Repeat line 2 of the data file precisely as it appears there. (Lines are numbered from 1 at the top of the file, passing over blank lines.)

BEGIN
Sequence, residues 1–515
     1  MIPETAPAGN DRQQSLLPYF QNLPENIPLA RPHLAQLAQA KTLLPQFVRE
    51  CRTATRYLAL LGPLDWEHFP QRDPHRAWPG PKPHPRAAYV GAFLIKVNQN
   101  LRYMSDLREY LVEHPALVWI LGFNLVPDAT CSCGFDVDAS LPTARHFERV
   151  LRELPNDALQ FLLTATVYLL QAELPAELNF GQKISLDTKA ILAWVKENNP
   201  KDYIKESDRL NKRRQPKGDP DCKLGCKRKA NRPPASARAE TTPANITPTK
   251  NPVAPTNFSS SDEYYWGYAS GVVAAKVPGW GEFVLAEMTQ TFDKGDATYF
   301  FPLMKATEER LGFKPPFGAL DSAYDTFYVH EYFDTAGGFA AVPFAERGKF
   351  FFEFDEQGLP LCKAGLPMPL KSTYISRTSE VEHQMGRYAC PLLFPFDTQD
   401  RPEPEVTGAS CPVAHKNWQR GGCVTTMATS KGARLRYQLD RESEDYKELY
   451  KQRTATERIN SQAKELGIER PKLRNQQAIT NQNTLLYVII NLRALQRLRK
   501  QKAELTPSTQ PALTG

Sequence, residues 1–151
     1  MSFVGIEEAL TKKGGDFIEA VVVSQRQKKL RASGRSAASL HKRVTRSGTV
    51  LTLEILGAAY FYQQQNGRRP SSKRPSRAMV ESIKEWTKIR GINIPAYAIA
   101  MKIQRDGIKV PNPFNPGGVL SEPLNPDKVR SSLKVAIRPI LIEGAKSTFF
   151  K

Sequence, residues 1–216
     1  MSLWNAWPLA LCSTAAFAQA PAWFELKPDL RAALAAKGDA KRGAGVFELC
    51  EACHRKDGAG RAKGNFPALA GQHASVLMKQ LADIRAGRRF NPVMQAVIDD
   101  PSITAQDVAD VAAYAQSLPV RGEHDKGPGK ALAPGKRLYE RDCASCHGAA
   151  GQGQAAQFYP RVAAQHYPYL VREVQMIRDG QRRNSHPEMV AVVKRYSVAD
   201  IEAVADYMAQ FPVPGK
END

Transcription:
     1  MIPETAPAGN DRQQSLLPYF QNLPENIPLA RPHLAQLAQA KTLLPQFVRE